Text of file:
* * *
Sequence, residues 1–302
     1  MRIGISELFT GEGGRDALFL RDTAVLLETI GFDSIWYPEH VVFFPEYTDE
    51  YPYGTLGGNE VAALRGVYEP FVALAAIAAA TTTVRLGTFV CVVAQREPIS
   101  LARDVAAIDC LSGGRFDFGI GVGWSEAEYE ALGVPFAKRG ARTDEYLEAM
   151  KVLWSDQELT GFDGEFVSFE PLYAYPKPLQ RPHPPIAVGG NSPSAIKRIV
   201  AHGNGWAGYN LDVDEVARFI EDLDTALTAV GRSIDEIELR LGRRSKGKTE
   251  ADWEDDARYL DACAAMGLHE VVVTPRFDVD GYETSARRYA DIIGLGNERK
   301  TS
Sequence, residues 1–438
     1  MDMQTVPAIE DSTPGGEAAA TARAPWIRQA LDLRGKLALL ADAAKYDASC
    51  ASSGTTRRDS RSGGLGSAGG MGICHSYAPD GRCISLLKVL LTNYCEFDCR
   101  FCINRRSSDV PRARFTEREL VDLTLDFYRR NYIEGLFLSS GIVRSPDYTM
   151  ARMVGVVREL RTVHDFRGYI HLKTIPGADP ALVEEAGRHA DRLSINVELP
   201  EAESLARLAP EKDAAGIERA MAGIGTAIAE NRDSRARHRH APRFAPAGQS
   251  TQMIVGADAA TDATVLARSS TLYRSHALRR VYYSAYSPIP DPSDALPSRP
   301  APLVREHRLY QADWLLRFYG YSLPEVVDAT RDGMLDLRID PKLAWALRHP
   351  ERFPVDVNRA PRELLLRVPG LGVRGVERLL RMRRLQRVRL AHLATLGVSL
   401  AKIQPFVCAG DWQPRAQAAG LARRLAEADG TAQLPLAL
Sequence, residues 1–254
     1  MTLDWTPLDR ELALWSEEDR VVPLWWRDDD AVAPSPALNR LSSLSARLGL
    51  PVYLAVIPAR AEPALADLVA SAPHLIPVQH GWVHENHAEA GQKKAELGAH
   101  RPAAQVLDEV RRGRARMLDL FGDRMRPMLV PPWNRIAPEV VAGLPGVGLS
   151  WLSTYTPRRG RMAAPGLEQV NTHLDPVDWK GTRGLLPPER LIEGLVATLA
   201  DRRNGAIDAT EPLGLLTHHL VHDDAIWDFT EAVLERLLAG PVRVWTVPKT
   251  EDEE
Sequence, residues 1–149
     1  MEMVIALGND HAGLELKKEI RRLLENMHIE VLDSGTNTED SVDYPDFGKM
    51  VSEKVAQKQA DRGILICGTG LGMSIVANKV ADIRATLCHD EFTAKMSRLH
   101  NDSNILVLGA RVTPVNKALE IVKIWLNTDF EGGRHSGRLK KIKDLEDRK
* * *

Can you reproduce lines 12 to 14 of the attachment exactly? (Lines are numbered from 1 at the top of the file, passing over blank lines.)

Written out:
   101  FCINRRSSDV PRARFTEREL VDLTLDFYRR NYIEGLFLSS GIVRSPDYTM
   151  ARMVGVVREL RTVHDFRGYI HLKTIPGADP ALVEEAGRHA DRLSINVELP
   201  EAESLARLAP EKDAAGIERA MAGIGTAIAE NRDSRARHRH APRFAPAGQS